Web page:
- Adam Rittenberg, ESPN Staff Writer
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The Big Ten didn't wait until New Year's Day to endure its national flogging. The league assumed the position in Week 2.
If Jan. 1, 2011, was the worst on-field date in league history -- Big Ten teams went 0-5 in bowls, including a Wisconsin loss to TCU in the Rose Bowl -- Saturday came pretty close to the worst regular-season date on record.
It began with Penn State missing field goals in Virginia and ended with a short-handed Illinois team getting toasted in the desert. In between, the reigning Big Ten champion, Wisconsin, came less than two minutes away from being shut out by a seemingly benign Oregon State squad. A Bo Pelini-coached Nebraska squad couldn't stop UCLA, while Iowa couldn't score a touchdown on its home field against Iowa State.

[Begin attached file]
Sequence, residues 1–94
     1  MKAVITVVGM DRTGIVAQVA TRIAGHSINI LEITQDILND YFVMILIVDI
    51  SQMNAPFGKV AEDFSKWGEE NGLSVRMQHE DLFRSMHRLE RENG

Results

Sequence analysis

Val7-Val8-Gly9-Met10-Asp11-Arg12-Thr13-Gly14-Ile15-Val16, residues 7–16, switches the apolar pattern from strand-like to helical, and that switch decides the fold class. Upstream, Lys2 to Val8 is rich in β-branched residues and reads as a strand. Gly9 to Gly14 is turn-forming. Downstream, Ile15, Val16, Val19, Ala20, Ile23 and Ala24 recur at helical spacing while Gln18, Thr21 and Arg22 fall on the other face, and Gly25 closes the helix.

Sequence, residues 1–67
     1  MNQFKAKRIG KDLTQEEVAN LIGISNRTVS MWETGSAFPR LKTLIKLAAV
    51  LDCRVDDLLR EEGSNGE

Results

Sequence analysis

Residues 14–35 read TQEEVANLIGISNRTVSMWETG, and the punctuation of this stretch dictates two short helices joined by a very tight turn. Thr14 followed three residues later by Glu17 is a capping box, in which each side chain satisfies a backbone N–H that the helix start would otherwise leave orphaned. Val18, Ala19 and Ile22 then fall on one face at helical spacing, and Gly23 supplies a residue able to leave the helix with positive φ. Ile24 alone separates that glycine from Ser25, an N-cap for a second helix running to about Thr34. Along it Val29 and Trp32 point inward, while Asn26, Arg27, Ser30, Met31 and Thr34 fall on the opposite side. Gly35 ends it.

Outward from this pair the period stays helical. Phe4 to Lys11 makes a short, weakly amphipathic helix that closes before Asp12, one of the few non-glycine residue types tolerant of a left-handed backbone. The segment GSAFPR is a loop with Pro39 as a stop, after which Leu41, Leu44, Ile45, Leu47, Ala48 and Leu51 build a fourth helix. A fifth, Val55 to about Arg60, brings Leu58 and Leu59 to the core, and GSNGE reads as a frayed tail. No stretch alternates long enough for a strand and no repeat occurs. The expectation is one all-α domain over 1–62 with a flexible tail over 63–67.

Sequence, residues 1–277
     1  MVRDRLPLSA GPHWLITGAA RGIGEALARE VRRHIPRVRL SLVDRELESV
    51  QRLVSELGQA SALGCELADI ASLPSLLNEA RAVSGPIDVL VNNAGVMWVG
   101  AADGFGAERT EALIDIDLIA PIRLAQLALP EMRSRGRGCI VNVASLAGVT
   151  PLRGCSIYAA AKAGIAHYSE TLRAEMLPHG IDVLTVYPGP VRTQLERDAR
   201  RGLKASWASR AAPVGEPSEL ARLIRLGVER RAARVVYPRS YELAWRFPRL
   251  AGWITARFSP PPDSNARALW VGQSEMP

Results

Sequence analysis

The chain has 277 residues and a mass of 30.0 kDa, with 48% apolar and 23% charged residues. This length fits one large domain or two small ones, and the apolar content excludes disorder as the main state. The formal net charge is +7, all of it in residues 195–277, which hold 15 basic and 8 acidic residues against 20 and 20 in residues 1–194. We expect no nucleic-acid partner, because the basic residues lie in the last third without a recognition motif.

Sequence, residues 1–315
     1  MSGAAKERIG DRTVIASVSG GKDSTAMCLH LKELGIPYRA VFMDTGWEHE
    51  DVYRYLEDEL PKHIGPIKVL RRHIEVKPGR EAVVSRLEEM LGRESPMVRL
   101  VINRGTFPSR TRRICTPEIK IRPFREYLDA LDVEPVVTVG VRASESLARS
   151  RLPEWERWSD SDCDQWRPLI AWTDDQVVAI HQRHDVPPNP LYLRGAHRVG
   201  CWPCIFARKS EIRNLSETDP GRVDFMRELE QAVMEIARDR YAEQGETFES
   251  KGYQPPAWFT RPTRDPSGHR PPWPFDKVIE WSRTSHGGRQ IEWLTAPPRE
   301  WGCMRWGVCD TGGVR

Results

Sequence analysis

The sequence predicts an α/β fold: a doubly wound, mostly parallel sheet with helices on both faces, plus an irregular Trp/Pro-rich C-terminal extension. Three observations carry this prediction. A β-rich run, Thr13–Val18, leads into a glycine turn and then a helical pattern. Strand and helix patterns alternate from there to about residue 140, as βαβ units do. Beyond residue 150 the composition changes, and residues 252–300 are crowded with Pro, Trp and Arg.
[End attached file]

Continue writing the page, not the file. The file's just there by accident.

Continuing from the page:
After an unimpressive but not completely disastrous Week 1 performance -- the Big Ten went 10-2 and split its showcase games against Alabama and Boise State -- it wasn't front and center on the national radar entering Saturday. But an unusual slate of contests -- seven true road games, including three in Pac-12 territory, where the league has struggled mightily the past two decades -- created the potential for extremes. As has been the case all too often in recent seasons, the Big Ten ended up with an extreme embarrassment, going 6-6.
The league went 1-6 against teams from major conferences plus Notre Dame, as Northwestern's come-from-behind win against SEC member Vanderbilt marked the lone bright spot. The next most "impressive" wins came against the likes of UCF (Ohio State) and Air Force (Michigan).